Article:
NASA reports the Curiosity rover has successfully drilled a hole, 0.63 inches wide and 2.5 inches deep into a sample of sedimentary bedrock. Ground control will now use the rover's robotic arm to collect samples for processing in its self contained laboratory, looking for evidence Mars may have once harbored water.
The agency released a photo of the hole captured by Curiosity, and in a press release NASA's associate administrator for the agency's Science Mission Directorate, John Grunsfeld said, "The most advanced planetary robot ever designed is now a fully operating analytical laboratory on Mars."
The first full-depth drilling generated rock powder that traveled up flutes in the bit and were held by chambers in the assembly for processing. Before the dust can be analysed, a portion of it will be used to clean the assembly, scouring away any potential contamination from Earth bound surfaces.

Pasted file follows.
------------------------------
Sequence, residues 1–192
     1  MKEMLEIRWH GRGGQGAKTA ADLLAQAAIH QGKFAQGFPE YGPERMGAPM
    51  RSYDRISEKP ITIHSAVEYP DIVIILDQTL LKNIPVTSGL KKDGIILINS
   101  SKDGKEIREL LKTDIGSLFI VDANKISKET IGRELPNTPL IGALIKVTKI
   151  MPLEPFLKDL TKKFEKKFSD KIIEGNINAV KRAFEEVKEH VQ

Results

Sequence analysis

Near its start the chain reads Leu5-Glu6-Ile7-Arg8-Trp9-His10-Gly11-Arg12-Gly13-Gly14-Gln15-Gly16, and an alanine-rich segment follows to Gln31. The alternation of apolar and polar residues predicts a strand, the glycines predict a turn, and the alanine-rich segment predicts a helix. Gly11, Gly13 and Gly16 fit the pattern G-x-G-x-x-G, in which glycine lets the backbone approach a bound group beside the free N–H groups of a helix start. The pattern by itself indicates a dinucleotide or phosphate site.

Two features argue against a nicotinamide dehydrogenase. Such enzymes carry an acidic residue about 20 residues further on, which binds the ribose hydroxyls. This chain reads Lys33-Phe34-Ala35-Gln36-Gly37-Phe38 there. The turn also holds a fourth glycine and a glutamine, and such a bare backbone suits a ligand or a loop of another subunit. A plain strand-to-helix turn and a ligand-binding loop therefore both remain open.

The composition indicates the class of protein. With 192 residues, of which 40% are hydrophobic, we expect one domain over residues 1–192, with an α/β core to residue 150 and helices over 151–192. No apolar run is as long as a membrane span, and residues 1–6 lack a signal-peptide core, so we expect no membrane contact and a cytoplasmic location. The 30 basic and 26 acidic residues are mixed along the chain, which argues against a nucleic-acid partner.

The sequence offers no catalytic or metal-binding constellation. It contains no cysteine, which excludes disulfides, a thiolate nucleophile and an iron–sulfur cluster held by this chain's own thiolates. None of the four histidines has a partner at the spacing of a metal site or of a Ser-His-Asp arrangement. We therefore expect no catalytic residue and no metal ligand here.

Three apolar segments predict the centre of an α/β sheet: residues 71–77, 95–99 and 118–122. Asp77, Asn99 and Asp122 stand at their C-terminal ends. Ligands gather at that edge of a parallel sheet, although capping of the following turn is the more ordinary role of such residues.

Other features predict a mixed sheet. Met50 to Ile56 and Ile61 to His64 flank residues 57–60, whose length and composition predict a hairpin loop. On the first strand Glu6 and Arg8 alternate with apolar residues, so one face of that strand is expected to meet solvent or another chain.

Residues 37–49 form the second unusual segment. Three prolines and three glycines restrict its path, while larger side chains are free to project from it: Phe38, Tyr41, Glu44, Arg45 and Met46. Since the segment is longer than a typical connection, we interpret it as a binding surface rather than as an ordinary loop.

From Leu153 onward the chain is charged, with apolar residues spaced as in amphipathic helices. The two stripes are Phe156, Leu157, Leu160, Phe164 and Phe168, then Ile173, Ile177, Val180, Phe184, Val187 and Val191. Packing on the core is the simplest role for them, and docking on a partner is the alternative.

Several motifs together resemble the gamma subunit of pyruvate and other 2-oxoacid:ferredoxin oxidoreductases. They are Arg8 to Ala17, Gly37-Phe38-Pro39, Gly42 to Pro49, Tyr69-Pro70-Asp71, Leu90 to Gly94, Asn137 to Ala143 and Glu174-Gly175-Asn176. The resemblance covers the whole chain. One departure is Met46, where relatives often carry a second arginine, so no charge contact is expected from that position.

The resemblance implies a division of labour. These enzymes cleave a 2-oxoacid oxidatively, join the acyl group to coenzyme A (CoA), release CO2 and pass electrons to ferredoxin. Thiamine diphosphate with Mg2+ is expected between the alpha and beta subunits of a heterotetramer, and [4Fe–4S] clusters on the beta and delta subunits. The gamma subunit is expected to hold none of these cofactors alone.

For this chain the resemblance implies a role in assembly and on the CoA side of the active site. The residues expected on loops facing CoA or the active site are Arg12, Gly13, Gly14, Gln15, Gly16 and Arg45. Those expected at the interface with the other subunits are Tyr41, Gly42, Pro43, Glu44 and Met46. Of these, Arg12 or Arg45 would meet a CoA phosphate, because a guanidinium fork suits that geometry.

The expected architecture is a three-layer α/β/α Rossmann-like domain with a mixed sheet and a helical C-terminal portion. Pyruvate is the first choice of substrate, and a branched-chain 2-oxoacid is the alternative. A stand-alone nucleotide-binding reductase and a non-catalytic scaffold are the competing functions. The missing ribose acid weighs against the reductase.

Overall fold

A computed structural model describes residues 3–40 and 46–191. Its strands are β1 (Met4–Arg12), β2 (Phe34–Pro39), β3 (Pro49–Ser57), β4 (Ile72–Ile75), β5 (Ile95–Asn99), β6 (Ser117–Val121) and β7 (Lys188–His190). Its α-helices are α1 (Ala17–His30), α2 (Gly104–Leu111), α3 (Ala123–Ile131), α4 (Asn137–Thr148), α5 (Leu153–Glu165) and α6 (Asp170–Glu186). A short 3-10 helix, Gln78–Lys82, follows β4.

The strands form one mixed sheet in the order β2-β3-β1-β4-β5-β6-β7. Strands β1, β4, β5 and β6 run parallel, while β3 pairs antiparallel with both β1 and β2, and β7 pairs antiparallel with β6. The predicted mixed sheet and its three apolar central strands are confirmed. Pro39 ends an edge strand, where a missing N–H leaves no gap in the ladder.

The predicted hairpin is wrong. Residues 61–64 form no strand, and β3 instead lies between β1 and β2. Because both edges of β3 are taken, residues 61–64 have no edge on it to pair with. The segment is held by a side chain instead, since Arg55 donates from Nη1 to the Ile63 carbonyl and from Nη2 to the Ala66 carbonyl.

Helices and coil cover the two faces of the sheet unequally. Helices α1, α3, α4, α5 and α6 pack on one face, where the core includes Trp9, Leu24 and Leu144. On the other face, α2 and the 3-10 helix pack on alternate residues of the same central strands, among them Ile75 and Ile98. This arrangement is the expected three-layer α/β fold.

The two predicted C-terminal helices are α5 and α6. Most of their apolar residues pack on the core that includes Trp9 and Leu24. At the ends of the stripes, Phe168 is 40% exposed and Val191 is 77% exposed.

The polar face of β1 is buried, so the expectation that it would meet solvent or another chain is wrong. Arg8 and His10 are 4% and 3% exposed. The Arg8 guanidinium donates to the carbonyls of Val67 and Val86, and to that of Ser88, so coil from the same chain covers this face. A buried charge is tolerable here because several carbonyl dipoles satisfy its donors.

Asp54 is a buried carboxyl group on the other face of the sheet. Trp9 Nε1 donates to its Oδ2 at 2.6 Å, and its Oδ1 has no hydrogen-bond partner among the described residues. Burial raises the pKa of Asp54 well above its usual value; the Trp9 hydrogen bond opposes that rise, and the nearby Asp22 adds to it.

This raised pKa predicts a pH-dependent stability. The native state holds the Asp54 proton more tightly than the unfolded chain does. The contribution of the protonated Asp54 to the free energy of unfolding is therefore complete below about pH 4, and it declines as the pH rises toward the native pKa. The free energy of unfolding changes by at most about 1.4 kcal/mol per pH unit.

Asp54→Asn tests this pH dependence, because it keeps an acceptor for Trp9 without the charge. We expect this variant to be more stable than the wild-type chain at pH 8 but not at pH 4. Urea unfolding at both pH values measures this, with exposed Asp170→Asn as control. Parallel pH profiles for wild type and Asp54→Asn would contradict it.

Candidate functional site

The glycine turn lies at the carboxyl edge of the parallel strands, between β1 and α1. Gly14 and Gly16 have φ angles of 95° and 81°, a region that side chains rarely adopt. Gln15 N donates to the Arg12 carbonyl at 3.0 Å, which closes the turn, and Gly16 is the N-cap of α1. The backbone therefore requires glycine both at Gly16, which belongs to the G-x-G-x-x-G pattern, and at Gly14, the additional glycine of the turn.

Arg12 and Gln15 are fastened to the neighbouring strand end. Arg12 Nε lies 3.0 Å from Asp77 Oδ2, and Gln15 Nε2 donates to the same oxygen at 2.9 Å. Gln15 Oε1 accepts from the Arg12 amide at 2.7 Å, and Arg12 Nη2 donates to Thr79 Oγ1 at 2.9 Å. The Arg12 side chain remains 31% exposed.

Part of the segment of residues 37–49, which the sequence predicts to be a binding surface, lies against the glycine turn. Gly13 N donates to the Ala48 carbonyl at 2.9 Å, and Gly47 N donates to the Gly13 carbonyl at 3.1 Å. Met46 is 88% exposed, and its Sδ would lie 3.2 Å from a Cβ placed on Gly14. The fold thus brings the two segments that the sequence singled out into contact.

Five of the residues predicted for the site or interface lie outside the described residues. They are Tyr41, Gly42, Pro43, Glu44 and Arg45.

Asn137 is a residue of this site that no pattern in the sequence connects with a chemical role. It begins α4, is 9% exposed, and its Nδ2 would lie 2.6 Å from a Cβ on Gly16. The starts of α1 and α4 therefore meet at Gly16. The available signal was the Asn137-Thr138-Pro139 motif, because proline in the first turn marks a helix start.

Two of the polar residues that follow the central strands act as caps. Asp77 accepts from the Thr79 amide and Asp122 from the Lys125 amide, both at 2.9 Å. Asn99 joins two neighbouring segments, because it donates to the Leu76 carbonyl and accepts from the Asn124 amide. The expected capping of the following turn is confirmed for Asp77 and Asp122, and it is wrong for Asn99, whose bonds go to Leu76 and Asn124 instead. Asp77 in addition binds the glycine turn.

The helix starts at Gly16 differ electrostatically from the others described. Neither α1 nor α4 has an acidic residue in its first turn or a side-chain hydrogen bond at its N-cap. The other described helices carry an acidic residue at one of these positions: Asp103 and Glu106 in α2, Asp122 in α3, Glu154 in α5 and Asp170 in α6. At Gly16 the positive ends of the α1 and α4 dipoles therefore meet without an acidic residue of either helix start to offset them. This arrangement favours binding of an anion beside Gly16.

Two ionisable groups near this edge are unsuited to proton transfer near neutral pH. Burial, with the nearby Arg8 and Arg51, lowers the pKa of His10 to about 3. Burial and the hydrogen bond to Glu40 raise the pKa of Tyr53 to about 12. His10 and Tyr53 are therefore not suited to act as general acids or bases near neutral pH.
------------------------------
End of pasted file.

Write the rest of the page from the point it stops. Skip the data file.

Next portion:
"We'll take the powder we acquired and swish it around to scrub the internal surfaces of the drill bit assembly," said JPL's Scott McCloskey, drill systems engineer in the NASA release. "Then we'll use the arm to transfer the powder out of the drill into the scoop, which will be our first chance to see the acquired sample."
Once inside the rover's Collection and Handling for In-Situ Martian Rock Analysis (CHIMRA) sample handling device, the Martian dust will undergo vibrations over a sieve that will trap larger particles. The smallest particles will fall through ports on the rover's deck to the Chemistry and Mineralogy and Sample Analysis at Mars instruments which will perform the in-depth analysis.
The successful drill test on Mars was the result of extensive work back here on Earth. The NASA Jet Propulsion Laboratory's Louise Jandura, chief engineer for Curiosity's sample system described the process: "Building a tool to interact forcefully with unpredictable rocks on Mars required an ambitious development and testing program. To get to the point of making this hole in a rock on Mars, we made eight drills and bored more than 1,200 holes in 20 types of rock on Earth."
The rock that was drilled was named "John Klein" in memory of a Mars Science Laboratory deputy project manager who died in 2011.